Nobbut laiking: Ross Brewster

Date: Monday 26th November 2018

SOME months ago a Government-backed survey invited children as young as 13 to describe their gender from a list of 25 different options. The choices put before teenagers in research for the Children’s Commissioner for England included “gender fluid,” “demi-girl” and “tri-gender.” The list of alternatives was offered as part of a campaign to “find out how gender matters to young people”.

The report, which was criticised as “biased and politically motivated,” was subsequently withdrawn, but it came at a time of deepening controversy over gender politics, amid claims by activists that everyone should be free to choose their own sex.

Then at the weekend a Sunday newspaper headlined the school where 17 pupils are changing their sex amid fears that impressionable youngsters are being groomed into joining the trend. A whistleblowing teacher claimed that many of these kids show signs of autism.

She believes few of the pupils actually suffer from gender dysphoria — the belief that they were born into a body of the wrong sex. “They are just young people with mental health problems who have found an identity and want to be part of a group of like-minded people,” she said.

Equalities minister Penny Mordaunt recently ordered officials to find out why the number of girls referred for “transitioning” has soared by more than 4,000 per cent in eight years. Figures show that 2,519 children were referred for gender treatment including hormone injections in 2017-18 against 97 in 2009-10.

Why are so many young people seeking to change their gender. Is it the influence of social media, or maybe the fact that it’s become a fashionable cause promoted by pop stars and models and even some politicians?

We’re talking about children here, not adults who have anguished long and hard about life-changing irreversible choices. Teenagers — we’ve all been there — are sometimes confused and in turmoil. There’s the quest for identity, fitting in, rebelling against the older generation, being different, being noticed in the crowd.

As a society we have become cowed by fear that, if we say what is happening isn’t right, we will be branded as non-PC dinosaurs and bigots. There are many genuine cases of gender identity disorder, but that’s very different from pressurising young people into decisions that will affect their whole lives and which they may come to regret.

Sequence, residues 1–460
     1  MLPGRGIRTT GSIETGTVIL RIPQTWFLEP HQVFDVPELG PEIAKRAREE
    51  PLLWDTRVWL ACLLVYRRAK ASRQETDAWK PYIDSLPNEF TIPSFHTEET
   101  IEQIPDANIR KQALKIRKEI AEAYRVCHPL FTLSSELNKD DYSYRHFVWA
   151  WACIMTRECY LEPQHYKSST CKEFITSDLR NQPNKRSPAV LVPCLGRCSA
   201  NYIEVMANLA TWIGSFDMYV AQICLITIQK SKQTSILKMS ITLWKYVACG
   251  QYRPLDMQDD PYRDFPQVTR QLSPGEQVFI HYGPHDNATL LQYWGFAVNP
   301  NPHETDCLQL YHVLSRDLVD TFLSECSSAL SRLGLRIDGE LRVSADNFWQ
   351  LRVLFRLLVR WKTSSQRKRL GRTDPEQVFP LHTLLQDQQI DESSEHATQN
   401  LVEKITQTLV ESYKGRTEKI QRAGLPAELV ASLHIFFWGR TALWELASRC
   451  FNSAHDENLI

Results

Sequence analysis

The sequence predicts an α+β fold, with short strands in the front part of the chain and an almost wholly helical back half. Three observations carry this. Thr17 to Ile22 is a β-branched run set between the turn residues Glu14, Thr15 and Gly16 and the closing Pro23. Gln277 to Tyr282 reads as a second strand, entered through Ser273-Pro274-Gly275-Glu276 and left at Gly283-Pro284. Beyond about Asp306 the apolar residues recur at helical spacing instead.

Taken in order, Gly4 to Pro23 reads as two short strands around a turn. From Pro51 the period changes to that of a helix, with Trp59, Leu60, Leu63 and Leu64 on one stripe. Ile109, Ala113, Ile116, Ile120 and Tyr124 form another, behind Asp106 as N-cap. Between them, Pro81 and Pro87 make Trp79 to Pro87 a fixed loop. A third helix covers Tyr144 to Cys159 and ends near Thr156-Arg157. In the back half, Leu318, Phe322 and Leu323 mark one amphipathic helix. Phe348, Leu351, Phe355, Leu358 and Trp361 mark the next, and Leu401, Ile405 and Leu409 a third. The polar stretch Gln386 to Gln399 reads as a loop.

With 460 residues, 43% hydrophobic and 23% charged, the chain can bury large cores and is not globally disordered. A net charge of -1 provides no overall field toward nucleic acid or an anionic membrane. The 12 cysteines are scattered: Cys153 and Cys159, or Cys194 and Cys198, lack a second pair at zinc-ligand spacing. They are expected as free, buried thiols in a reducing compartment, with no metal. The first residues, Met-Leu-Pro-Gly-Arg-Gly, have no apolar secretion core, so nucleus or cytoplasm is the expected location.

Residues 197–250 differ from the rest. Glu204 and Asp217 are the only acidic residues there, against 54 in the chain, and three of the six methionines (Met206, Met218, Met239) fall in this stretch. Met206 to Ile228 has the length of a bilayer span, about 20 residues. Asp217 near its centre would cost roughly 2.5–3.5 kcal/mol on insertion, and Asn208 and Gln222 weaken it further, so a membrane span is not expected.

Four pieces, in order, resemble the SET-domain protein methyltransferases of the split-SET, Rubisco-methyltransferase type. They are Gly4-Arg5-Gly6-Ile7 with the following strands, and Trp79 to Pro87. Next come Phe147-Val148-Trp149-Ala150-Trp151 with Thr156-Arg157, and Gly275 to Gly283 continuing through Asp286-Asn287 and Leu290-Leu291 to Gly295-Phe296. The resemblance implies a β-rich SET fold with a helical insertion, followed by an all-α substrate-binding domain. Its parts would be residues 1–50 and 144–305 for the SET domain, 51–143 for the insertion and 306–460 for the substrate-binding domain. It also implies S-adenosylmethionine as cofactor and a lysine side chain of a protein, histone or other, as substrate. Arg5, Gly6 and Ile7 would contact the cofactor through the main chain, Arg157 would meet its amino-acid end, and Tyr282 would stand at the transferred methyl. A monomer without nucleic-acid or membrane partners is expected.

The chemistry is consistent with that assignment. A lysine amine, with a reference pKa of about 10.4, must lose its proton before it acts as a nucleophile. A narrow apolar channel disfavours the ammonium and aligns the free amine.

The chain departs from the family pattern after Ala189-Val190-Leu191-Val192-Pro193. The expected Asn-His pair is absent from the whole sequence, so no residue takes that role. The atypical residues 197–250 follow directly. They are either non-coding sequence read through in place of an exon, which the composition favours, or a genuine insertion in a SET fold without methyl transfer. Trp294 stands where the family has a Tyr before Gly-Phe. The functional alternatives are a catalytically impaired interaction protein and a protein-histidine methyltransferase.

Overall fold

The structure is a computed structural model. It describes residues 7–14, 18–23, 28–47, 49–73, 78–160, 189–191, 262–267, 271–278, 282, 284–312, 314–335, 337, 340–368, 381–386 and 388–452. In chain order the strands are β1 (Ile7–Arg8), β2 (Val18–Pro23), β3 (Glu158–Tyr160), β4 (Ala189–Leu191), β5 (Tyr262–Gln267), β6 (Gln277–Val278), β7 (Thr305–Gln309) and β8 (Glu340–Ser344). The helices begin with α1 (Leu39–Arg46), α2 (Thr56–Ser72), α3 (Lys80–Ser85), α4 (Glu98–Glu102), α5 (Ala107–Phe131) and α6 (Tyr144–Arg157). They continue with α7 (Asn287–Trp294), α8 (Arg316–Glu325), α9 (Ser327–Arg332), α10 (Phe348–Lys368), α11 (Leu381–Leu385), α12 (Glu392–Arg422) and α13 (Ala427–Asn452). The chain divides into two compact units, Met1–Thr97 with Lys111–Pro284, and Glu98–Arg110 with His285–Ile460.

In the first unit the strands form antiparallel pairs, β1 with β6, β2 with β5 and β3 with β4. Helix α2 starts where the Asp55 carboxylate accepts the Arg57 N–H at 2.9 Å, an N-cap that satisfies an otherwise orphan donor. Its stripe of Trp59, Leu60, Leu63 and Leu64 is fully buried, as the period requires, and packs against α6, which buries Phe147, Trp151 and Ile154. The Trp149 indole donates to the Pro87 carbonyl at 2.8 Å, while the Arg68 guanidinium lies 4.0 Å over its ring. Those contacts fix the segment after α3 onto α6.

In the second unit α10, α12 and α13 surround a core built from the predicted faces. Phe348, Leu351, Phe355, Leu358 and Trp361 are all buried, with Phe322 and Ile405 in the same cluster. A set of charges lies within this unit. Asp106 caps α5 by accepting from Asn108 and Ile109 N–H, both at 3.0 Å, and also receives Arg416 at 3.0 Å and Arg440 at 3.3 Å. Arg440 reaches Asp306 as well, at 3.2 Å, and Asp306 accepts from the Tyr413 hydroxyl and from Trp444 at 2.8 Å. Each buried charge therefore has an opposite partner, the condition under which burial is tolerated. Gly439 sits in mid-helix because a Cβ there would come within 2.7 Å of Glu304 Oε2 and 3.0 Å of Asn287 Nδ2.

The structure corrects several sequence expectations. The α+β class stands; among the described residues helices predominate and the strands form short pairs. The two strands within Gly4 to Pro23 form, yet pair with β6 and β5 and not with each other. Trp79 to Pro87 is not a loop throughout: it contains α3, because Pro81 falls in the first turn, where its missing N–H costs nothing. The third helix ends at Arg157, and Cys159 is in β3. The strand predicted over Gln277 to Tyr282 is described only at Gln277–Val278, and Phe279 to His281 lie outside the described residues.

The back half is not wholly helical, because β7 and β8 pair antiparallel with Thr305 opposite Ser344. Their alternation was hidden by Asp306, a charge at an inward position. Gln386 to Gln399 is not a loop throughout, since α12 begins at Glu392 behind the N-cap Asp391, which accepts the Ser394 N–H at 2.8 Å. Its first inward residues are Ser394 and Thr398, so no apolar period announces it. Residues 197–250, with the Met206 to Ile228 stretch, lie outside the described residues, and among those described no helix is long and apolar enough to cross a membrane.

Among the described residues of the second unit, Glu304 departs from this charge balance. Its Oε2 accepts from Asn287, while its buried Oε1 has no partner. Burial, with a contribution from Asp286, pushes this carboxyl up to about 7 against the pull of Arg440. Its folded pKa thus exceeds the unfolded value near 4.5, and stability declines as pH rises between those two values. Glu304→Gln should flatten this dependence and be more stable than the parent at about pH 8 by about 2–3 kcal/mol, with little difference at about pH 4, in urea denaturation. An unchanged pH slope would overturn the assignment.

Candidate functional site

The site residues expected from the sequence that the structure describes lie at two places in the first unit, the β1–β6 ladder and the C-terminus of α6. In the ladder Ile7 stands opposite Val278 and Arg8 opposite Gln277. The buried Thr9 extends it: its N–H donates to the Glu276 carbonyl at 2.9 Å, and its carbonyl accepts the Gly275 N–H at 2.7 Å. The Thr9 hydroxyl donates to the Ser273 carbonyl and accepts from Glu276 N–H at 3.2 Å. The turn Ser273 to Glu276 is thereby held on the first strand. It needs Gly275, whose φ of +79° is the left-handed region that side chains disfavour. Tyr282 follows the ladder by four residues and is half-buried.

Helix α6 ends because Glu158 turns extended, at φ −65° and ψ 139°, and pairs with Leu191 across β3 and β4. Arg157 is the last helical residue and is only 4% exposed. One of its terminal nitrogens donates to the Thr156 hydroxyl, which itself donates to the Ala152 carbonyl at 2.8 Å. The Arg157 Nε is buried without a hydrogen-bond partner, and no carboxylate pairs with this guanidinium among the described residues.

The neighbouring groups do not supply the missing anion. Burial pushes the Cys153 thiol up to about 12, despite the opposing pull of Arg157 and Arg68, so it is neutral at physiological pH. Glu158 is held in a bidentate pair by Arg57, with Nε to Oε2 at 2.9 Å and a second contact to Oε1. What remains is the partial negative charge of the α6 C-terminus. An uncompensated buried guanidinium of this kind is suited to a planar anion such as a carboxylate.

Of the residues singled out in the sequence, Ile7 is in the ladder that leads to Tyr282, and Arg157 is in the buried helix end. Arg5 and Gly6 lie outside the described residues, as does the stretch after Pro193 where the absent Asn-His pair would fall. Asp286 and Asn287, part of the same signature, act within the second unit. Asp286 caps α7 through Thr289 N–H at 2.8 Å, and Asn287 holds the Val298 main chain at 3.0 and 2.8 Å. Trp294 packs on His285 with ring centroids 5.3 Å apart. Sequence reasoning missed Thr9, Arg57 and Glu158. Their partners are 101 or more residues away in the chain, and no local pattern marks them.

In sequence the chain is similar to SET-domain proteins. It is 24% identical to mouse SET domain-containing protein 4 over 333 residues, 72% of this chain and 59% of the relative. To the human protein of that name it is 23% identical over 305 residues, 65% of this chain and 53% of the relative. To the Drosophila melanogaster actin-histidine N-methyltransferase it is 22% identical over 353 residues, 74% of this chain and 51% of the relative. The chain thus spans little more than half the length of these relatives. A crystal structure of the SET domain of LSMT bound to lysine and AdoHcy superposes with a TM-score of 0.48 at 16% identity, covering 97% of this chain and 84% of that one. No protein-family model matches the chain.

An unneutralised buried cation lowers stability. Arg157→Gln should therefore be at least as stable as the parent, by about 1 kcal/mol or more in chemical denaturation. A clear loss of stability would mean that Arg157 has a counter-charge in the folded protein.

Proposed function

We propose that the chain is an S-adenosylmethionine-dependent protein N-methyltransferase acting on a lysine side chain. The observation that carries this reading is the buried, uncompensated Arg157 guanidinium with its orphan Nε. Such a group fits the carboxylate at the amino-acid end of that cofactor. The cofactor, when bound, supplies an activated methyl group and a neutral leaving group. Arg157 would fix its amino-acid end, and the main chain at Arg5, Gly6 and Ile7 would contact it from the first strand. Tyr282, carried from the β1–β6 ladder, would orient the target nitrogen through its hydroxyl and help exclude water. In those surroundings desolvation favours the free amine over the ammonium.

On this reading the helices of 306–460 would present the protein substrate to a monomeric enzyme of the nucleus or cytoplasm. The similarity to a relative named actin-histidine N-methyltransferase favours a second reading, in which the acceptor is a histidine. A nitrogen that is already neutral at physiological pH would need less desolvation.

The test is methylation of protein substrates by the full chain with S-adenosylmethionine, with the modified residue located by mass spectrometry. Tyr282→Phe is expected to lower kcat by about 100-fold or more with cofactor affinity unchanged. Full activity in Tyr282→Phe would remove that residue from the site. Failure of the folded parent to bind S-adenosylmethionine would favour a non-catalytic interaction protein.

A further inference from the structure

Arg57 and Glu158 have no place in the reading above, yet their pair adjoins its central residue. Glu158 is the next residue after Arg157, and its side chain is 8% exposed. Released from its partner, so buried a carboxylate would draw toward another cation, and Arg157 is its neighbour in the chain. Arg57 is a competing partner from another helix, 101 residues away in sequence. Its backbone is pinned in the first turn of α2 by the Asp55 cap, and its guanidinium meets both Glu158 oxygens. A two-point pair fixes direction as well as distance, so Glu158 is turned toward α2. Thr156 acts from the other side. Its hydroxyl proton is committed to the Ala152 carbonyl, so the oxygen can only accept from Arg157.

The numbers should worry us greatly. The steep rise in statistics over the past 10 years does not include those “self-identifying” without medical supervision. By being reluctant to challenge the gender lobby we are failing in our duty to protect vulnerable young people who may be on the verge of making the wrong decisions.


LIFE’S tough if you are a celebrity. You can’t even eat a cheese sandwich in peace while surveying the view from the summit of England’s highest mountain if you are former pop star-turned-actor Martin Kemp. In fact Kemp, one-time lead guitarist with Spandau Ballet, is thoroughly irritated by fans who come and sit beside him and spoil his silent reverie, not to say his packed lunch.

“I do a lot of mountain walking and I was once recognised on the top of Scafell Pike,” he told a Daily Mail diarist. “Often when you get to the top, you wait and have a cheese sandwich. People come and sit next to you and then they suddenly realise who you are, and they say ‘why are you here? Surely you should be in the Bahamas’.”

The answer is obvious. Who would want to be in the Bahamas, idling their time away on some sun-drenched beach while sipping a cool cocktail brought to you by a pretty bikini-clad girl, when you can enjoy the reward of a two-hour plod to the summit of Scafell Pike? Cheese sarnies, indeed any type of sandwich, taste like a gourmet feast when you are sitting there on top of the world.

More than for his music — anything pop and post-1970 passes me by — I think of Martin Kemp’s excellent portrayal of Reggie Kray in the 1990 film about the notorious London gangsters. It’s been on the telly numerous times recently and still brings a shiver down the spine as it recalls the extreme violence of that era.